The description immediately made me think of the Captain Haddock I drew for the A-Z of Comic Characters I completed last year. But it couldn't be could it? I suggested it, to which the reply came...
"I've just dropped an eye on your website, and I'm not sure if it could match your style: the lines are 'thinner' than yours, making it look more Jacobs/Martin than your vaguely more Floc'h/Riviere style."
I'm quoting that bit only because it delighted me to be compared to Floc'h! The forum poster kindly sent me a scan of the page in question, and sure enough - it is indeed my Haddock. Did the paper think it was by Hergé? Was it just a convenient image? Rather naughty of the paper in question, but not something I'd ever chase up due to it just being a blog sketch of someone else's character, plus it's a rather flattering mix-up.
For more Greek, you may be interested in the updated and now linguistically correct Notebook of Theophrastus page, complete with a new sound recording from Latin scholar, Quintus.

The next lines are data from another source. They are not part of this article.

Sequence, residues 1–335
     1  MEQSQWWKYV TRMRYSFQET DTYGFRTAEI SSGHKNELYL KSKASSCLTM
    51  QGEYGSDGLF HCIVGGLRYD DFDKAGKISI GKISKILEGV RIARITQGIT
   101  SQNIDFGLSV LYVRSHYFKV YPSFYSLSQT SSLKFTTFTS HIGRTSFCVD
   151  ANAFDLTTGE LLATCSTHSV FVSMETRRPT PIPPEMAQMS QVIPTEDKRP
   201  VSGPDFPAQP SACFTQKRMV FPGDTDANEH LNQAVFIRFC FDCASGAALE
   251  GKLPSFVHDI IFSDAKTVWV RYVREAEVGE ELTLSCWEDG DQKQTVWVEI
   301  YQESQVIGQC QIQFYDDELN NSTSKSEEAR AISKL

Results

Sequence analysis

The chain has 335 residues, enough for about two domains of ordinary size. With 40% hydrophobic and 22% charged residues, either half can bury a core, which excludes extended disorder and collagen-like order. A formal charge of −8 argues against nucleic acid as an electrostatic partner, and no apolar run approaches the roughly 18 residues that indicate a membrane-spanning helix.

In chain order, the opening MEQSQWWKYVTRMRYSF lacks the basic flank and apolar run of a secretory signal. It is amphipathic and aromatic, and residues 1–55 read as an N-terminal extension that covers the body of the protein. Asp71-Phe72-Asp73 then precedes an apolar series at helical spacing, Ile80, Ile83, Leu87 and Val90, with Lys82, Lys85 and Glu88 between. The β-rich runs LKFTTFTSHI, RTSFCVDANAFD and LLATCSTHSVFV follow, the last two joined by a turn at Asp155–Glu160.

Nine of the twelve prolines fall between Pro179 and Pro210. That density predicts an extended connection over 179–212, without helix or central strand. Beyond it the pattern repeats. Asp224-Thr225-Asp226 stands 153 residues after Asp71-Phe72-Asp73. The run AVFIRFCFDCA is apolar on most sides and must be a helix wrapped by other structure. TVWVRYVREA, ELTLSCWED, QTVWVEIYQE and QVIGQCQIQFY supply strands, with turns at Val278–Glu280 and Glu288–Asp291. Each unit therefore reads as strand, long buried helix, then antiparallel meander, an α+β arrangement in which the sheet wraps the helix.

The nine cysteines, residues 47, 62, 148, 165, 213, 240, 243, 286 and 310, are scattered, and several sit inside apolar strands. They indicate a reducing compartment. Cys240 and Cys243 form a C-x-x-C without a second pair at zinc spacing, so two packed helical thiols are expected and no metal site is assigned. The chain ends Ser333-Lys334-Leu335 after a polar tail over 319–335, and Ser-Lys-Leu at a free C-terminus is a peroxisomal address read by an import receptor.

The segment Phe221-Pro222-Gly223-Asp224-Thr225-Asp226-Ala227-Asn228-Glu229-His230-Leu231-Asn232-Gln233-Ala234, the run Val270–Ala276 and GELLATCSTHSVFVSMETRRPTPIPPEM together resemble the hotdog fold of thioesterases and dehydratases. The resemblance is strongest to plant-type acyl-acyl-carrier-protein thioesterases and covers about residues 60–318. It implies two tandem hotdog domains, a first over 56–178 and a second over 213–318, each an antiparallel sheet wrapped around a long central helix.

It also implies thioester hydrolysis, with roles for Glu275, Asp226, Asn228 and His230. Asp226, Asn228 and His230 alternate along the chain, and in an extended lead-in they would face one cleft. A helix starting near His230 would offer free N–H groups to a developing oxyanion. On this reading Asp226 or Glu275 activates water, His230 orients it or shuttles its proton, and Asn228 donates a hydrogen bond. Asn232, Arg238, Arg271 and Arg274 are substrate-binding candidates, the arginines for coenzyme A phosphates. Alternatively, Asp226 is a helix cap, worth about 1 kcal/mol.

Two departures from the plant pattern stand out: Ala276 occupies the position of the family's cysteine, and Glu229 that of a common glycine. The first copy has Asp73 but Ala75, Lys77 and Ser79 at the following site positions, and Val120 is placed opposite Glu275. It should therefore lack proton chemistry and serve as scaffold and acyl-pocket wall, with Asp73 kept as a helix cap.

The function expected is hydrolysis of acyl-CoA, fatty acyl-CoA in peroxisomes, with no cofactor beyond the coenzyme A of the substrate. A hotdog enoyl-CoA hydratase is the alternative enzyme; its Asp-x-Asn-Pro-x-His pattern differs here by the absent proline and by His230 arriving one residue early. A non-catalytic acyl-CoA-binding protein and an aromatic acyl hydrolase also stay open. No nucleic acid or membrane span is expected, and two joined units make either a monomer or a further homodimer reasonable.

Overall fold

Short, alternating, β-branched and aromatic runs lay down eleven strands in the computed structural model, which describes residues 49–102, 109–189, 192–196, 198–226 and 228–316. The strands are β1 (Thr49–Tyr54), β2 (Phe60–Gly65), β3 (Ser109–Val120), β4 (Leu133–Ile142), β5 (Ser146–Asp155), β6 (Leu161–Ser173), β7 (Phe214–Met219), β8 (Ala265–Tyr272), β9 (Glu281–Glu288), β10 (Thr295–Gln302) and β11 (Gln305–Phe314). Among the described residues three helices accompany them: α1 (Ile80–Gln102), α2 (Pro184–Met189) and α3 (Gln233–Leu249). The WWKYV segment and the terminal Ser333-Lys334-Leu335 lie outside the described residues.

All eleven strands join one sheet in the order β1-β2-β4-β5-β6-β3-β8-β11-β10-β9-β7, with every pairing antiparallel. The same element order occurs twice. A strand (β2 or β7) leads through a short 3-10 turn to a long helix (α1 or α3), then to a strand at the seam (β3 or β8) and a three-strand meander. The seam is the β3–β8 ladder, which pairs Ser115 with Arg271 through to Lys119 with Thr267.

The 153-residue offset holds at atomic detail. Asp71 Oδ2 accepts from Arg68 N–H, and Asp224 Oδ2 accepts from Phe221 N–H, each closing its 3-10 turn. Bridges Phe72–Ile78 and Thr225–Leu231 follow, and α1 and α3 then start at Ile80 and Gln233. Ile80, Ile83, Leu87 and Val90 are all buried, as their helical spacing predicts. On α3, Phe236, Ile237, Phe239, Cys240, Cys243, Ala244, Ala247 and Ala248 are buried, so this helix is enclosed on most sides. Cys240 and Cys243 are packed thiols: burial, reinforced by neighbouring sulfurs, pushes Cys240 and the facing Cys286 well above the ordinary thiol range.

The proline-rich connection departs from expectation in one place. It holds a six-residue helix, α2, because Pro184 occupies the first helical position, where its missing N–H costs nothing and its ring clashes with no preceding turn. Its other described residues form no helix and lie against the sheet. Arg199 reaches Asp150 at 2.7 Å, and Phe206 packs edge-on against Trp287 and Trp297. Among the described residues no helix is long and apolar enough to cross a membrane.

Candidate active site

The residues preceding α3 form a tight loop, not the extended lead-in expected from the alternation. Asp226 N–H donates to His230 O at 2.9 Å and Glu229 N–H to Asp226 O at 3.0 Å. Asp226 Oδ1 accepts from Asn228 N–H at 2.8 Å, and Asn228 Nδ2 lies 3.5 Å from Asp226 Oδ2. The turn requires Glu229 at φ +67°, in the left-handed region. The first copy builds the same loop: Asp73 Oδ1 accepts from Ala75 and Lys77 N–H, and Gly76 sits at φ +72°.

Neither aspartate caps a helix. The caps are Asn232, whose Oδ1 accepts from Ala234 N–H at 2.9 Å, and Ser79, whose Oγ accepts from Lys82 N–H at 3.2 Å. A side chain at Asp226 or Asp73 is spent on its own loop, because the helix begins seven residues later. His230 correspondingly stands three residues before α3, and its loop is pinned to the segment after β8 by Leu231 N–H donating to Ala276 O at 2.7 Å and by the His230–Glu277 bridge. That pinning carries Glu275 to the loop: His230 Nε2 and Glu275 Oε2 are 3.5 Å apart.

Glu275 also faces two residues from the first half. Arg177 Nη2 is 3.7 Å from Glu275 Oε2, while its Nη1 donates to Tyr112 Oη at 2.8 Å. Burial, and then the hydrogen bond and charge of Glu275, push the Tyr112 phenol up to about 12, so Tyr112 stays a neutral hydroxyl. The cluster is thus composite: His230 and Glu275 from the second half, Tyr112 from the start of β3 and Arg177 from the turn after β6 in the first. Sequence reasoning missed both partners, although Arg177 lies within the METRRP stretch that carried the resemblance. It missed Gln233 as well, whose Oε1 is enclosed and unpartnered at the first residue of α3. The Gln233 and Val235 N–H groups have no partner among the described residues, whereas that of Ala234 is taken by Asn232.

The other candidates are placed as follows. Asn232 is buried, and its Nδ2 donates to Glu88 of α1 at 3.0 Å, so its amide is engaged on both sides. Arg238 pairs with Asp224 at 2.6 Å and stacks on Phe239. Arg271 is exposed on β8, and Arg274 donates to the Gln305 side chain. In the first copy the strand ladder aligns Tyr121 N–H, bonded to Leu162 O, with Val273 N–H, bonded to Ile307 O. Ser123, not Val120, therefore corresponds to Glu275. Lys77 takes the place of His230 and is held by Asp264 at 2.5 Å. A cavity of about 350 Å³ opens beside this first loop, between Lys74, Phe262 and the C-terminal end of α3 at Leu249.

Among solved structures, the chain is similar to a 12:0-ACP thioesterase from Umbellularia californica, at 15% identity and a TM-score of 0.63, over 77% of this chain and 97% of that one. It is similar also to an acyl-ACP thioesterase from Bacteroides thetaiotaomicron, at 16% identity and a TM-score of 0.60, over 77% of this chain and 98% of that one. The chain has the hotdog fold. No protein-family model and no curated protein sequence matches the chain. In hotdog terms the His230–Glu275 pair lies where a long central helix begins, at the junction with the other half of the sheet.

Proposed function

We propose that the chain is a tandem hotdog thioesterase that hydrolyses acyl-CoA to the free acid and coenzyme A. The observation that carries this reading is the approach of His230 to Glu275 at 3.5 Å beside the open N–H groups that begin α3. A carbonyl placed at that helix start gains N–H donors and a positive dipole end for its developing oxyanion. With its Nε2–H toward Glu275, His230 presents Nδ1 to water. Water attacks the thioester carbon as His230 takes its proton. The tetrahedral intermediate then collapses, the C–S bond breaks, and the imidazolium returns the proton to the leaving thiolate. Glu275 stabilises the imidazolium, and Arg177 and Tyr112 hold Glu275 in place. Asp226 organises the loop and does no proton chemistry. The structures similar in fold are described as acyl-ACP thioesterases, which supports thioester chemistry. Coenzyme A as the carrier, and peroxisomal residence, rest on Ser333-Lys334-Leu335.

I did a short phone interview with Caroline Horn of The Bookseller earlier this week, mainly on the back of the Super Comics Adventure Squad press release, but she also kindly gave The Rainbow Orchid a plug in the resulting piece (though she called it 'Orchard', something I have seen elsewhere too).
And finally... I love this Yahoo Question. Mrs Cullen asks:
"Where has the rainbow orchid originated? NOT the comic. The flower. Where did it come from? NOT the comic***!!"
I think perhaps the title of my comic is frustrating her Google searches. My apologies, Mrs Cullen, allow me to offer some assistance. Wikipedia gives the rainbow orchid the term paphiopedilum wardii, and seems to suggest it originates in south-west Yunnan and Myanmar. One newspaper article, from March 2008, declares that the rainbow orchid, first discovered in the valleys of Putao and Nagmung in the late 1980s, has not been seen since November 2007, and is probably extinct in the locality. This, of course, is not my rainbow orchid, a name I didn't know existed when I started the story back in 1997.
We were joined by Rian Hughes, and it was a highly enjoyable morning. It was great to see some of the wonderful Soviet posters and designs that had inspired my Tayaut poster in the previous entry, and as Sarah had lived in Moscow for two years, her knowledge of the subject provided an enlightening insight into many of the works. Afterwards we had lunch at Leon's (not Trotsky) and Sarah took some photographs, including the one below of Rian and me in the shape of constructivist icons. I was home by 3 pm and back to work on Orchid edits.
Photo by Sarah